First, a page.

In this electronic age, you might keep a file in your computer. Using your word processor, you can include copies of your best letters, poems, etc. in your journal file, and then use the best from your electronic journal in letters, manuscripts, and so on.

You could use a tape recorder and "debrief" yourself each evening, or take one along and record things "as they happen."

To be one's self, and unafraid whether right or wrong, is more admirable than the easy cowardice of surrender to conformity.


You could try a video log: sit in front of a video camera each day and talk about the previous twenty-four hours, or record a voice-over as the camera explores the physical memorabilia of the day.

The key here, as with all my suggestions (and, for that matter, life itself), is flexibility and fun.

A second key: do whatever you'll consistently do. Don't start an Epic Production that will be abandoned in a short while (with the best intentions of returning to it, of course). Build up to that. For now, you might start by scribbling a note or two in the margins of this book as you go along.

Creativity is a drug I cannot live without.



I'm going to turn on the light, and we'll be two people in a room looking at each other and wondering why on earth we were afraid of the dark.


If you've used the light before, you know whether or not it works for you. This will be a reminder. If you've never used light, then consider this chapter the parameters of an experiment. Please neither believe nor disbelieve that this tool is effective; simply try it in a variety of situations, and see what happens.

Using the light is very easy. You simply ask that the light (you can imagine it as a clear, pure white light) be sent somewhere for the highest good of all concerned. That's it. That's using the light.

In fact, light can't be "sent"--it's all around all the time everywhere anyway. In a sense, it's as silly to "send" light as it is to "send" air. (When I was traveling in Israel, however, I did buy a can of "Air From the Holy Land.") We do ask the light that's already there (or here) to "do its thing" for the highest good.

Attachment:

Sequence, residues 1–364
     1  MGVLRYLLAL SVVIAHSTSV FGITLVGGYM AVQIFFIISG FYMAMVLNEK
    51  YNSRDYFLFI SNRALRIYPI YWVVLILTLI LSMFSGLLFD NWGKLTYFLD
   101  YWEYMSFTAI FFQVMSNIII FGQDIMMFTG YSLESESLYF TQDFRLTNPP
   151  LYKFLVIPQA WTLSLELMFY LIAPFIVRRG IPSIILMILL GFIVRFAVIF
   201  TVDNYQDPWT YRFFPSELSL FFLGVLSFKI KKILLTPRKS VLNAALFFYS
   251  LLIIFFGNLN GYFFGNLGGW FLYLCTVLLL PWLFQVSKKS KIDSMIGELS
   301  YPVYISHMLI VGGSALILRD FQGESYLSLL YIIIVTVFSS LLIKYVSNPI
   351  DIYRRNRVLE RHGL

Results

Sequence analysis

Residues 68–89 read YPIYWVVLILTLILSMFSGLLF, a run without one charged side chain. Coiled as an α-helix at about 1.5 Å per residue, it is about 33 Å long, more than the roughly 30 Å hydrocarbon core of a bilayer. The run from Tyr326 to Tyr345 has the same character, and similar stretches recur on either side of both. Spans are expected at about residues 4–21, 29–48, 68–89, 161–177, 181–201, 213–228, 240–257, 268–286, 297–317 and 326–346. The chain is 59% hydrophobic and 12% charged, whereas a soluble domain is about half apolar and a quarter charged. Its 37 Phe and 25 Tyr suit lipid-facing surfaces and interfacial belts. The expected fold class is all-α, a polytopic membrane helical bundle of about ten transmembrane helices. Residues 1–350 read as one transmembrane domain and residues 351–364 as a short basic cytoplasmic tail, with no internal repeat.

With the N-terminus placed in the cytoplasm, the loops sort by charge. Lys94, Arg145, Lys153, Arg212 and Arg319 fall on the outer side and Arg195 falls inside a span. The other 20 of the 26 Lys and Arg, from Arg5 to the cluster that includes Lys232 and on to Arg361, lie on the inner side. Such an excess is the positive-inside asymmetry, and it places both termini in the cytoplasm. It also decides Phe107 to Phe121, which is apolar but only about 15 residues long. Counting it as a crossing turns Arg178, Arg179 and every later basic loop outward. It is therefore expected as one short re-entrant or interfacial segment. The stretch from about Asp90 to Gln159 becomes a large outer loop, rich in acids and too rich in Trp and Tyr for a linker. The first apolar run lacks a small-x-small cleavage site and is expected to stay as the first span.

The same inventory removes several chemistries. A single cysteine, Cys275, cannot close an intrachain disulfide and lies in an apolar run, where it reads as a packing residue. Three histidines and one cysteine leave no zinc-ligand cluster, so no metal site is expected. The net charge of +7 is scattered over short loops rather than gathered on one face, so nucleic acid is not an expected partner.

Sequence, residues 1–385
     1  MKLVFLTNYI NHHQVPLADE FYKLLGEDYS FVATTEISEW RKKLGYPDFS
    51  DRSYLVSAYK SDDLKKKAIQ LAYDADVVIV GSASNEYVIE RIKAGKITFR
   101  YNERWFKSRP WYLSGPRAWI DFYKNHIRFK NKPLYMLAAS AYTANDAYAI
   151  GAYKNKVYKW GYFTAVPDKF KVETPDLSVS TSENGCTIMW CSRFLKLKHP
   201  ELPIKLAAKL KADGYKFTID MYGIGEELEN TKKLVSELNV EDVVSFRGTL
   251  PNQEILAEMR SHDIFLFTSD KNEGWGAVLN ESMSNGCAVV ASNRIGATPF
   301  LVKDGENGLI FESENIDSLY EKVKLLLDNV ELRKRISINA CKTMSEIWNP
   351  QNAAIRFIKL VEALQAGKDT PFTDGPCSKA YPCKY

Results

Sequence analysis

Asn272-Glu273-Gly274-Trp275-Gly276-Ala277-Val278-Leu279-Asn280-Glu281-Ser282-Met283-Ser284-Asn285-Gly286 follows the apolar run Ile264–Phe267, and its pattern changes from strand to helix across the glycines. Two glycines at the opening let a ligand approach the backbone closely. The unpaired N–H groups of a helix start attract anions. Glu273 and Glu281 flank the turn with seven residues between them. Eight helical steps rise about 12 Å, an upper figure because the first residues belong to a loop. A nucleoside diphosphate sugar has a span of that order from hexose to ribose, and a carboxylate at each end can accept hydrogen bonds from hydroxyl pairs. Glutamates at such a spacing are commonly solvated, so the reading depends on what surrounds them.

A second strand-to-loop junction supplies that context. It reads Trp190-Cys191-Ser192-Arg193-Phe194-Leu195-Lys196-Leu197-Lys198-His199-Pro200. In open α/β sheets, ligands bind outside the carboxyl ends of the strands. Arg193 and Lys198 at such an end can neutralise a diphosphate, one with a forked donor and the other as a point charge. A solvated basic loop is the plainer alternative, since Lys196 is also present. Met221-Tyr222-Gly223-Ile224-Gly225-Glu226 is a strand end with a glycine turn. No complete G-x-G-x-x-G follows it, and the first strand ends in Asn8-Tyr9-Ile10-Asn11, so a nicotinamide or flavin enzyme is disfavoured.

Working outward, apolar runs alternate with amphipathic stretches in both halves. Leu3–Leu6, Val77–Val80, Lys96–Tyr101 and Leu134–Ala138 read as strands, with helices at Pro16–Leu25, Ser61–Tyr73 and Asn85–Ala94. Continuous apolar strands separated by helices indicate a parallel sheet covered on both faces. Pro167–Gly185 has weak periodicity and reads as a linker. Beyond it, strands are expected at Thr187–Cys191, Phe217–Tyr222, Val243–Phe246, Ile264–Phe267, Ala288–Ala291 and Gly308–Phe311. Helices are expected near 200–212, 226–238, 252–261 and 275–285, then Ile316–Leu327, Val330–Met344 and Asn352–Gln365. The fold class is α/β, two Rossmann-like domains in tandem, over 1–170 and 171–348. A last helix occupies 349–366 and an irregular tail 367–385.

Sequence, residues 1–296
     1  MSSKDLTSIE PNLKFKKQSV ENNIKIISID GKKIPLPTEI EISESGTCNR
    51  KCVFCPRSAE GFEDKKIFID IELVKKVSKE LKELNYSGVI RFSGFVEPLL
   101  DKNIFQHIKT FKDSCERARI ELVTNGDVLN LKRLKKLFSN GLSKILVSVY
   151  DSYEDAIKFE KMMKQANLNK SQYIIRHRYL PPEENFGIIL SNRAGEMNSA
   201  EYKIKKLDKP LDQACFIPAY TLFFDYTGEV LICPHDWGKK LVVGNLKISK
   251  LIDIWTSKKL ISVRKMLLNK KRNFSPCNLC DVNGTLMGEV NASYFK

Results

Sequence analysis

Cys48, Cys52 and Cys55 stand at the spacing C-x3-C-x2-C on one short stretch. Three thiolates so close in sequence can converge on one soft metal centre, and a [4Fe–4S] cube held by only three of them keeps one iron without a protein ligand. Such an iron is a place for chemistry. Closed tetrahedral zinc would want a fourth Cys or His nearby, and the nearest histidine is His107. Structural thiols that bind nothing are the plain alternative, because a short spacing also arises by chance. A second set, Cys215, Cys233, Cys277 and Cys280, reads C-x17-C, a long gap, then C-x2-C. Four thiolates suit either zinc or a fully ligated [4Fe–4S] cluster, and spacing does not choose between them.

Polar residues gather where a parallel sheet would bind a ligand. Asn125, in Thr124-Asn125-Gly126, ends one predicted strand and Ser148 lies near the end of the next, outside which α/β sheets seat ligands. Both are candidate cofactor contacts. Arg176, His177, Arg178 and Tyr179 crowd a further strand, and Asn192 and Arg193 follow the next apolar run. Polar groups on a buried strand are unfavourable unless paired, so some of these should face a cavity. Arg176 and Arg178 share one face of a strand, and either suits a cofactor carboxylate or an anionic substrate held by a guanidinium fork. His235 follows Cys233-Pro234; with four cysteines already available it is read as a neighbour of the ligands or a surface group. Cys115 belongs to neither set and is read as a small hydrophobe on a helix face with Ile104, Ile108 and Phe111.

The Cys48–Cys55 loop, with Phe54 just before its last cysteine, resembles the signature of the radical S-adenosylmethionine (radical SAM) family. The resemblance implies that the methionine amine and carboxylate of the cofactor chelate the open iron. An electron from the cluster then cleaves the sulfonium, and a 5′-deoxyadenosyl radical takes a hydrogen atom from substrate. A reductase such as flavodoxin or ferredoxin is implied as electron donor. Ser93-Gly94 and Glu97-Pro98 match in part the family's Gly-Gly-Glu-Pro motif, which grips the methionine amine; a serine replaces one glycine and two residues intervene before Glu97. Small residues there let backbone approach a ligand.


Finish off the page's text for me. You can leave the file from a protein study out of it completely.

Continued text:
How do we know the light "worked"? Sometimes the situation changes, sometimes our attitude about the situation changes, and sometimes both.

Things may not change the way we want them to change. The light is not a bellhop in the sky. It will not do what you want at the expense of others--or yourself. As Oscar Wilde pointed out, "When the gods choose to punish us, they merely answer our prayers." To have all of our desires fulfilled would be a curse.

That's where the "highest good" comes in. We don't always know what the highest good is. (We often think we do or feel we do--but haven't our thoughts and feelings been wrong in the past?) That's why I suggest that, when you use the light, you add "...for the highest good of all concerned." The "highest good" is the safety clause. We don't want to play Sorcerer's Apprentice with our--or others'--lives.

Man is his own star, and the soul that can Render an honest and a perfect man Commands all light, all influence, all fate.


Using the light doesn't require an elaborate ritual or procedure. It takes almost no time. You can get it down to three words: "light, highest good." If you're concerned about someone or something, add "light, highest good" to the concern, and let it go. Then, if you so choose, do something about improving the situation. If you choose not to get physically involved, send the light and let it go. You've done all that you can do, which, you may find, is quite a lot.

In what situations can you use the light? In what situations can you use air? I can't imagine a situation in which you couldn't use the light. Just before dropping off to sleep, some people ask for the light to surround, fill, protect, bless, and heal them, for their highest good and the highest good of all concerned. When they wake up, they ask the light not only to be with them, but also to go ahead of them, preparing the day for their highest good.

Using light is not a religion, any more than using air is a religion. People who claim light as an exclusive part of their doctrine might as well claim that only its believers can enjoy the benefits of air. The light can be used as an adjunct to any religious or spiritual path you are on, or it can be used in a purely secular way.